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SxSW 2015 Interview: STONE BARN CASTLE director Kevin Ford

by Jason Whyte

"What started out as a documentary about Adrien Brody's renovation of an old stone castle in Upstate New York unexpectedly became a much deeper story about the universal search for finding home, and the complexity of dreams. The film provided a very personal look into Adrien's own growth and understanding that he found along the 7 year journey to complete the project." Director Kevin Ford on his film STONE BARN CASTLE which screens at the 2015 South By Southwest Film Festival.

Is this your first SxSW/Austin experience and are you going to attend your screenings?

This is my first time attending SxSW with a film in the festival, but I have been there many times over the past decade as a resident of Austin, and I have had the chance to see many films play there. I look forward to attending some of our screenings because it is so interesting to see a film play projected with an audience, especially after spending so much time with it in a small editing room!

Your favorite barbecue/food in the city?

My favorite food in Austin without a doubt is the wide variety of Tex-Mex. I'm obsessed with it. Polvo's and Julio's both come to mind, and yet I also couldn't have survived there for a decade without the amazing breakfast tacos of Taco Deli!

What do you love the most about showing movies in Austin and Austin in general?

I love seeing movies in Austin, whether if it's a festival, or just some cool screening you can catch year-round at the Alamo Drafthouse or Violet Crown, or one of the other indie-theaters in town. It's a town for movie lovers. Audiences in Austin generally seem more engaged in the films they watch. There's an intangible passion to the experience of attending movies there that feels like part of the culture. It's nearly sacred in many cases. Of course there are exceptions. When I first moved there in 2004 I came across a 24-hour marathon of Twin Peaks at the Drafthouse, and I thought "Is this even legal?" It was amazing. With the Drafthouse spreading out across the U.S. I think this is becoming more common elsewhere too. In general, Austin is a town that loves movies because they're cool and fun, and it's less critical than NY and LA, which I have also spent many years living and working in.

Tell me a bit about your background and how you became a filmmaker. Also what have you worked on in the past?

I picked up my Aunt and Uncle's VHS videocamera in the 1980s and started making spoofs of Hollywood movies. "Nightmare on Maple Street," "Star Wreck," and "The Kamikaze Kid" were some of the earliest. It was all very mature, I assure you. In High School I got more interested in film and video and I was lucky enough to find my first mentor, Paul Moeller, a retired filmmaker from Germany, who ran the local Public Access station in my community. He taught me discipline and helped me learn so much technically. My great friend Lucky McKee and I were commissioned to document our entire senior year of High School and we made this two hour epic video of it all. It was truly crazy. After High School I wandered around to various schools and took as many film classes as I could at American River College, El Camino College and LA City College.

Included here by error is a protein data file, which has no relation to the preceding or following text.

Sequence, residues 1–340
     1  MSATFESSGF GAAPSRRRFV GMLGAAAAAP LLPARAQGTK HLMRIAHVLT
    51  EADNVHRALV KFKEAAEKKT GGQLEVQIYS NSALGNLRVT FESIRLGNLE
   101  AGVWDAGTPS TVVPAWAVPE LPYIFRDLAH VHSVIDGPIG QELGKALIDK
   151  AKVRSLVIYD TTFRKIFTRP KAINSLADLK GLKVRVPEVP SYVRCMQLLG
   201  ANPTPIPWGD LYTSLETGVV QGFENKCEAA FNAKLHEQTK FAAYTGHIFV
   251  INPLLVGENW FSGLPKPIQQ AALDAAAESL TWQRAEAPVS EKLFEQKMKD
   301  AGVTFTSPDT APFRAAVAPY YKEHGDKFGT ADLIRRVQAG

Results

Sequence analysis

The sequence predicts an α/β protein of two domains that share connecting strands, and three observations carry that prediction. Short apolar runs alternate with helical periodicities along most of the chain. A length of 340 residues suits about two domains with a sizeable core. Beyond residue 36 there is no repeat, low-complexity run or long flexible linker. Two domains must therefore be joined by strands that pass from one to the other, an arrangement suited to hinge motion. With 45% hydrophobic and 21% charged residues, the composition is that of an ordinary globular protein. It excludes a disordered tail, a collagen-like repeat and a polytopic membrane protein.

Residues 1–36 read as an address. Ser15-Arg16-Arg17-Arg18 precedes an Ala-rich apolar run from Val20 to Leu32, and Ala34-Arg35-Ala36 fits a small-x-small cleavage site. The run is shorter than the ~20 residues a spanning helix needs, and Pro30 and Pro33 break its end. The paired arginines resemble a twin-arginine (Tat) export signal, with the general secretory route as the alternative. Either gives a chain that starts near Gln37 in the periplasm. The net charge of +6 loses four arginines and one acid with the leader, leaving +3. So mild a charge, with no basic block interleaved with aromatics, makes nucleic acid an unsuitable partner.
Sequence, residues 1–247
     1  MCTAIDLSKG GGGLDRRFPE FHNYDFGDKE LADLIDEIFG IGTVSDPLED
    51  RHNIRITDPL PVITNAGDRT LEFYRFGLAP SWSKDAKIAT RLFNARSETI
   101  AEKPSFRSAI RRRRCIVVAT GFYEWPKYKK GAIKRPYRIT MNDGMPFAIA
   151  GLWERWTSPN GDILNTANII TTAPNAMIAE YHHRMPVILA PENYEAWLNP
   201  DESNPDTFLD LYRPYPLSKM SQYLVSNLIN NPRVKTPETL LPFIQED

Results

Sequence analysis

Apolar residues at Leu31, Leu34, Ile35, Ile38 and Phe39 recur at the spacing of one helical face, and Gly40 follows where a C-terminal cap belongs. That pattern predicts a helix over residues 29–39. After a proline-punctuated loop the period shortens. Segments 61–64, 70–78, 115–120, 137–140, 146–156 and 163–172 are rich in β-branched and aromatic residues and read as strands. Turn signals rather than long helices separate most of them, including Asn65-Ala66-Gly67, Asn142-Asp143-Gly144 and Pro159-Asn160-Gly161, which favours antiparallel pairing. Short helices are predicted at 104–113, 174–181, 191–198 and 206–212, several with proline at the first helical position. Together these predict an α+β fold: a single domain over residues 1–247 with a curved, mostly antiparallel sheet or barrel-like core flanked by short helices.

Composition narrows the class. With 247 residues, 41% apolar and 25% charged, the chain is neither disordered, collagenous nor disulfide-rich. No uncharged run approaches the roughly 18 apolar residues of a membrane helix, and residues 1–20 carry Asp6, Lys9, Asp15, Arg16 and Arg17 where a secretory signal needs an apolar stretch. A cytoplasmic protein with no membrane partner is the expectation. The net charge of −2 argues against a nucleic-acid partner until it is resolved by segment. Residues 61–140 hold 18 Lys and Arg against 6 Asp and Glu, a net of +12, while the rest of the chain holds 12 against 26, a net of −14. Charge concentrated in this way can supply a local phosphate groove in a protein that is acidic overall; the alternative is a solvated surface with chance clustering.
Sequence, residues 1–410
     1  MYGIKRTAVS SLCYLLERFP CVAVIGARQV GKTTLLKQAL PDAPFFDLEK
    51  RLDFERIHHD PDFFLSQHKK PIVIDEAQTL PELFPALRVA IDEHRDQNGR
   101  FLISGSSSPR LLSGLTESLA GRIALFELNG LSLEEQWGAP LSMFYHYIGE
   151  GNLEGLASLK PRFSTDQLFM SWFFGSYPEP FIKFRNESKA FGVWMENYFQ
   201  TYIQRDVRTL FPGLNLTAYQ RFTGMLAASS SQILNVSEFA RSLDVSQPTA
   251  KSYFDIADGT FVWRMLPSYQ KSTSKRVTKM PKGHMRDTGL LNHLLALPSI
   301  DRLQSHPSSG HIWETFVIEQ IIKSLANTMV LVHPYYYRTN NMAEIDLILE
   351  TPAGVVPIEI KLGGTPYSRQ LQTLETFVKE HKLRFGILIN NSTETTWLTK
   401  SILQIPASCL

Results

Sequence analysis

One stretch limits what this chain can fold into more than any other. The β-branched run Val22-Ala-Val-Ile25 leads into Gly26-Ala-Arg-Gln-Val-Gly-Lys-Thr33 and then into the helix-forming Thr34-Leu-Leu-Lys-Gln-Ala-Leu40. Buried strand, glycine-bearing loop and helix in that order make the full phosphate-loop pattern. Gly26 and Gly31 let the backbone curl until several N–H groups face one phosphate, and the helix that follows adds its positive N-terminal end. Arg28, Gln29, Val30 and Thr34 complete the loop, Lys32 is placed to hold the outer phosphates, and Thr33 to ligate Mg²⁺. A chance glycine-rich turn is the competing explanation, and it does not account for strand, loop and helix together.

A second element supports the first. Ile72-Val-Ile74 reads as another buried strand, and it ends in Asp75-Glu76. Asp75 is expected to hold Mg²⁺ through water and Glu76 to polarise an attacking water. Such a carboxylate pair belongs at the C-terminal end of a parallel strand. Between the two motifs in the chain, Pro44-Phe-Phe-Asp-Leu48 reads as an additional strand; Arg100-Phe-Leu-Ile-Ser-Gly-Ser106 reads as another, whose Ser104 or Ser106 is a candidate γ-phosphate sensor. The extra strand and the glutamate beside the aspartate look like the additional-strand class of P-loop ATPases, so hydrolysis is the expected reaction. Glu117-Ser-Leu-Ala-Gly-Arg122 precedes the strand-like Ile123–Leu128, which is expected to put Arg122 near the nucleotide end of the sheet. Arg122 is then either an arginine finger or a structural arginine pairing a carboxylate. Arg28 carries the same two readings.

In 1994 I moved to New York City and took some extensions classes at NYU, and then I enrolled at SVA. I never stopped seeking experience and worked any and all PA-type jobs I could, as well. By 1997 I got a break. I had been filming rock bands in New York and then my friend Carter Smith and I got the chance to make a feature film with Jane's Addiction, documenting their whole "Relapse Tour". I went on to spend most of my twenties filming bands and making experimental art films. In 2002 I left New York, and after a brief stint in LA, I relocated to Austin, Texas, where I had the great fortune of getting hired to work on Richard Linklater's FAST FOOD NATION as the behind-the-scenes guy. I learned so much. That was my real film school. Rick was, and still is, the ultimate mentor. I thank the universe all the time for the advice and knowledge he's shared with me. In Austin I continued making experimental films with collaborators like Eddie Steeples and Angela Bettis, and one of our films had a small run at the Alamo Drafthouse. Other films of mine played at festivals around the country. In 2007 I worked on my friend Rian Johnson's movie THE BROTHERS BLOOM also doing behind-the-scenes work, and it's where I formed a friendship with Adrien Brody, which directly led to he and I collaborating on this documentary for many years.

How did STONE BARN CASTLE come together?

This movie came together when Adrien saw a documentary that I made about the making of THE BROTHERS BLOOM and asked if I'd be interested in collaborating with him on an experimental film project about the renovation of an old historic property, utilizing a similar style that he saw in the other film.

What was your process in getting the documentary together with Adrien Brody?

The process of getting this film together was very straight forward. Adrien had a clear vision of what he wanted to accomplish at the property and he invited me to come to Upstate New York for extended periods of time to stay there and to help him document the journey. From the earliest invitation he indicated that he wasn't sure what we'd film, but that he just wanted to capture the process as it unfolded. We began filming right away in the early stages when he and his partner, at the time, were preparing for the restoration of the old castle structure.

What was your #1 challenge with this movie, and how did you over-come it?